CapitalCamp is just over two weeks out! And the Zivtech crew is getting excited for the first Drupal camp in our nation's capital. We recently learned that many of our developers have been selected to present during the two-day event. Here's a list of the sessions they'll be hosting (dates/times pending): 365 Days: Calendaring with Drupal Presenter: Tim Plunkett Most people visualize events in a daily, weekly, or monthly calendar format, so using Drupal to creat and manage calendars is a desirable feature for many sites. Since Drupal 4.7, the Calendar module has handled this need, but for Drupal 6 and 7, these is an alternative, the FullCalendar module. Calendar and FullCalendar are both built around the Views module, but their different use cases makes picking the right one for your project an important decision. In addition to the features offered by Calendar, FullCalendar provides:
Learn more about the options and features of both modules, and discuss their flexibility, performance, and stability. Intended audience: Site builders, content creators, lovers of Drupal Questions answered by this session:
Session Link: http://capitalcamp.org/sessions/365-days-calendaring-drupalIntro to jQuery for Drupal Presenters: Jody Hamilton, Tim Plunkett Drupal themers and developers who want to become literate in jQuery should come learn the basics of writing jQuery for your websites. jQuery makes simple hide/show animations (popups, tabs, expanding fieldgroups, etc.) and AJAX functionality easy to write. Come get started doing it yourself, or get a refresher on best practices using jQuery with Drupal. Goals:
Session Link: http://capitalcamp.org/sessions/intro-jquery-drupalLEMON - On Drupal disasters and rescues Presenter: Jody Hamilton With the great demand for complex Drupal websites exceeding the supply of experienced developers and with the barrier of entry to building websites low, badly botched Drupal builds are common. Some lemons are more expensive to fix than to rebuild from scratch, yet website rescue jobs are still on the rise. In my work I often take-on rescue jobs and get to see a nice cross-section of the worst 'professional' sites. In this session I'll answer:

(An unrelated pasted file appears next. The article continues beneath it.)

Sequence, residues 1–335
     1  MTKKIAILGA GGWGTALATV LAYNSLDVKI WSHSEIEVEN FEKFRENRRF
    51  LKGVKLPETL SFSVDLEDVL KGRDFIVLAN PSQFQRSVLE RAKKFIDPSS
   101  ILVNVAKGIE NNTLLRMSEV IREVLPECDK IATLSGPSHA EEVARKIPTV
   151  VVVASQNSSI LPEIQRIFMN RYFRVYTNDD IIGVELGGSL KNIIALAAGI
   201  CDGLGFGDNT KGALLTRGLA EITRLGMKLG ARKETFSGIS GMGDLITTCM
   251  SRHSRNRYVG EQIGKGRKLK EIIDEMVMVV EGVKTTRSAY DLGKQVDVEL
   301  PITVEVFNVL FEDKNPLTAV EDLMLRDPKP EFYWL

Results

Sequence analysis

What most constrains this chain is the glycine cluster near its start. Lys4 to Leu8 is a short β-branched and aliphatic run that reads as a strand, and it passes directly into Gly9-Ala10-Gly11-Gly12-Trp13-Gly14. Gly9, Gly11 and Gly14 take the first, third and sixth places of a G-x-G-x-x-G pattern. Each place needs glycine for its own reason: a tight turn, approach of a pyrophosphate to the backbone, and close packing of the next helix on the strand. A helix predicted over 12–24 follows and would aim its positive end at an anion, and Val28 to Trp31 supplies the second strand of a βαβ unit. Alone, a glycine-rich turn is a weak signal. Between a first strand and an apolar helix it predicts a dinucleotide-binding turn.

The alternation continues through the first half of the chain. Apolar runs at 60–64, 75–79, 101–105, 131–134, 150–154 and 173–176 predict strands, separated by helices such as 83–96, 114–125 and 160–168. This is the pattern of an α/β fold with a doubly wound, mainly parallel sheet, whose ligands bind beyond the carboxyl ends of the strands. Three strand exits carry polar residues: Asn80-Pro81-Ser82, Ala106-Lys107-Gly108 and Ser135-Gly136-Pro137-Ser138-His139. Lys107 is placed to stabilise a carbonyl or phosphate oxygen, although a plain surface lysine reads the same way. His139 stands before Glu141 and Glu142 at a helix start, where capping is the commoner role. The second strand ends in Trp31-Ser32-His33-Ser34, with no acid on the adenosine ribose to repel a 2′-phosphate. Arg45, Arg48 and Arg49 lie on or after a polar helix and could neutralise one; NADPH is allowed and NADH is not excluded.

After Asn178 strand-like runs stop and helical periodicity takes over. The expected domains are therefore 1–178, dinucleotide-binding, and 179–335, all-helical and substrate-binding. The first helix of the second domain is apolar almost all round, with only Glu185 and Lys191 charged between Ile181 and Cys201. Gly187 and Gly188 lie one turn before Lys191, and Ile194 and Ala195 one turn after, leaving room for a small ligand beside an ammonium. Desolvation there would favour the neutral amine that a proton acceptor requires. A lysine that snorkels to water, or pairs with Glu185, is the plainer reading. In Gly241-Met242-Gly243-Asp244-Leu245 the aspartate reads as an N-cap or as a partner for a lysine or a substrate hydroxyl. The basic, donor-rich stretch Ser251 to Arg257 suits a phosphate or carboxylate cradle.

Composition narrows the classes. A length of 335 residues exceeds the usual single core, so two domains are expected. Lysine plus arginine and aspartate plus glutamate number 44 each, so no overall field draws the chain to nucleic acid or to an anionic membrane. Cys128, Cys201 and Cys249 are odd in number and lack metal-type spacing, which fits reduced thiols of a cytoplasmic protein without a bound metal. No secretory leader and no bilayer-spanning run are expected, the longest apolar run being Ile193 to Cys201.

This session is appropriate to all levels of Drupal builders, developers, evaluators, and project managers. Session Link: http://capitalcamp.org/sessions/lemon-drupal-disasters-and-rescuesSolving (almost) all of your problems with Fields and Views Presenter: Howard Tyson Virtually every website built with Drupal uses Fields and Views. These modules allow you to create specialized webforms with whatever arbitrary fields you need and then create lists of the fields you want to see. In this session we will take a hands-on approach to learning both Fields and Views, for creating, listing, and administering content. Agenda:
Goals: Attendees will leave with a strong sense of how, when, and where to use taxonomy, custom content types, and views. Moreover, attendees will leave understanding the strengths (and weaknesses) of using Fields and Views for various uses in web applications. Session Link: http://capitalcamp.org/sessions/solving-almost-all-your-problems-fields…The Coding Designer's Survival Kit Presenter: Mason Wendell There is a better way. I’ve been known to harp on and on about this “Design in the Browser” thing. It’s “hard boiled”, “agile”, “faster”, and “better”. Well, yeah it’s all those things. For a few years now I’ve been designing Really Nice Websites© without ever showing a client a static page mockup. I show clients mockups that behave like web pages because they are web pages, and they seem to like that. I’d like to talk a little more about why I think this is a nice idea. We have the tools to create, present, and get sign off on design without resorting to creating an endless series of static images that are at best an approximation of the site we’ll eventually build. Sort of. The tools are simple tools like HTML, CSS, and browsers. And in many ways that’s great, and simple tools are often the best tools. But where’s our tool box? What ties all this together? Can we establish systems that we can carry from project to project? I’m building one. It’s called The Coding Designer’s Survival Kit, and that’s what I’d like to talk about. It’s not new software, but rather a system for using all the simple tools we have at our disposal in a way that’s efficient, systematic, and let’s us more easily be creative using a nerdy tools like a text editor. Kind of like one of those fancy knives with the scissors and the corkscrew. Or a utility belt. Session Link: http://capitalcamp.org/sessions/coding-designers-survival-kitAnd remember, our developers will be hosting training workshops the week prior to CapitalCamp. Learn more:http://zivtech.com/services/train
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